The Scientist

» microbiology and evolution

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image: Keeping Up with Climate Change

Keeping Up with Climate Change

By | July 24, 2013

In order to adapt to this century’s changing temperatures, vertebrates will need to evolve much faster than in previous eras.


image: Week in Review, July 15–19

Week in Review, July 15–19

By | July 19, 2013

Bias in preclinical research; medical marijuana for kids; a swath of microbial genomes; plastic ocean habitats; rethinking scientific evaluation


image: A Big-Nosed Horn-Faced Dino

A Big-Nosed Horn-Faced Dino

By | July 18, 2013

The discovery of a new species of horned dinosaur supports the idea that similar but separate species evolved on the same landmass thanks to a natural barrier.  

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image: Microbial Diversity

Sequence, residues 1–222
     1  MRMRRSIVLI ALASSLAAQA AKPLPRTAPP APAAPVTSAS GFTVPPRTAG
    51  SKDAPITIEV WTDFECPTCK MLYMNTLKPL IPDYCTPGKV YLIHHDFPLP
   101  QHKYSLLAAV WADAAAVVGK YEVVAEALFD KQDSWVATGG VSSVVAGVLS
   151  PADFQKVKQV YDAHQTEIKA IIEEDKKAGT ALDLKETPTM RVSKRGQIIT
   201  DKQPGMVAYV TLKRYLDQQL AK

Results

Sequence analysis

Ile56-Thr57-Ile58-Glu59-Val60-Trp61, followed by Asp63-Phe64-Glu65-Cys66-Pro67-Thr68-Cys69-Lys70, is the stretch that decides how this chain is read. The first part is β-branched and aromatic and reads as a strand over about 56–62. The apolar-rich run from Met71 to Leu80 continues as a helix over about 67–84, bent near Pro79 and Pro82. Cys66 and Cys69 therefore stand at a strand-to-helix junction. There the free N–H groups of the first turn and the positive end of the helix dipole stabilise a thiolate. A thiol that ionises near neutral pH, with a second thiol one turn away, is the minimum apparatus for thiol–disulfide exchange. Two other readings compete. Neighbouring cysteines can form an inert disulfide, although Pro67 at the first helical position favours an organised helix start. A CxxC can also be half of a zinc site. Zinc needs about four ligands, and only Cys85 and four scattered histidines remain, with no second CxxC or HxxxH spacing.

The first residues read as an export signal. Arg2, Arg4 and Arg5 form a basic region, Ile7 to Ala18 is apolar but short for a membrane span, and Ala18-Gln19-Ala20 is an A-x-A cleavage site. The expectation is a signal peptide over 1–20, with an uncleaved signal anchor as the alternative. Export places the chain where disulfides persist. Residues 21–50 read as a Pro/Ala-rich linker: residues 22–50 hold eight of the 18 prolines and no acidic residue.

Microbial Diversity

By | July 14, 2013

By sequencing bacterial and archaeal genomes from single cells, scientists have filled in many uncharted branches of the tree of life.


image: Week in Review, July 8–12

Week in Review, July 8–12

By | July 12, 2013

Editor accused of fraud leaves post; the good and the bad of gut microbiota; bacterial gene shuffle; legal restrictions hamper illicit drug research; antibodies and autism


image: Gut Microbes for Life

Gut Microbes for Life

By | July 4, 2013

Most strains of gut microbes stay with us for decades, which may prove useful for tracking our health.


image: Foot Fungus Revealed

Foot Fungus Revealed

By | July 2, 2013

A new study profiles the garden of fungal organism that grows on human feet.

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image: Crowd Control

Crowd Control

By | July 1, 2013

Molecules, cells, or vertebrates—when individuals move and act as a single unit, surprisingly complex behaviors arise that hint at the origins of multicellularity.


image: Image of the Day: <em>E. coli</em> Hunter

Image of the Day: E. coli Hunter

By | June 27, 2013

The Shiga toxin may help E. coli survive predation by the protist Tetrahymena.


image: Horse Genome Is Oldest Ever Sequenced

Horse Genome Is Oldest Ever Sequenced

By | June 26, 2013

By sequencing the genome of a 700,000-year-old horse, researchers have pushed back the time of DNA survival by almost an order of magnitude.


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